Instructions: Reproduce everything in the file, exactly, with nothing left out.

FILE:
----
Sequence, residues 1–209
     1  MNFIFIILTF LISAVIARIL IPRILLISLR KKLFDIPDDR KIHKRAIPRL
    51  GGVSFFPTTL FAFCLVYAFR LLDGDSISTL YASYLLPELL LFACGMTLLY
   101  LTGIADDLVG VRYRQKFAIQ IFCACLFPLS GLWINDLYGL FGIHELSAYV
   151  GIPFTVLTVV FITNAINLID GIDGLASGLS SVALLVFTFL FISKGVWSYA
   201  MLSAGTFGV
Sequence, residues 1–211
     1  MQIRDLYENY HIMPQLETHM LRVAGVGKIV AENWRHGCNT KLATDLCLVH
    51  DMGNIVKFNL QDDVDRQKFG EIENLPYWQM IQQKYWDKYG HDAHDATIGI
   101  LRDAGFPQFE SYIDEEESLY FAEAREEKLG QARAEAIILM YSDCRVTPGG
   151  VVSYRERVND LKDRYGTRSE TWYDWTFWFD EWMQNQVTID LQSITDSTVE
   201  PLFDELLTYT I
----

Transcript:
Sequence, residues 1–209
     1  MNFIFIILTF LISAVIARIL IPRILLISLR KKLFDIPDDR KIHKRAIPRL
    51  GGVSFFPTTL FAFCLVYAFR LLDGDSISTL YASYLLPELL LFACGMTLLY
   101  LTGIADDLVG VRYRQKFAIQ IFCACLFPLS GLWINDLYGL FGIHELSAYV
   151  GIPFTVLTVV FITNAINLID GIDGLASGLS SVALLVFTFL FISKGVWSYA
   201  MLSAGTFGV
Sequence, residues 1–211
     1  MQIRDLYENY HIMPQLETHM LRVAGVGKIV AENWRHGCNT KLATDLCLVH
    51  DMGNIVKFNL QDDVDRQKFG EIENLPYWQM IQQKYWDKYG HDAHDATIGI
   101  LRDAGFPQFE SYIDEEESLY FAEAREEKLG QARAEAIILM YSDCRVTPGG
   151  VVSYRERVND LKDRYGTRSE TWYDWTFWFD EWMQNQVTID LQSITDSTVE
   201  PLFDELLTYT I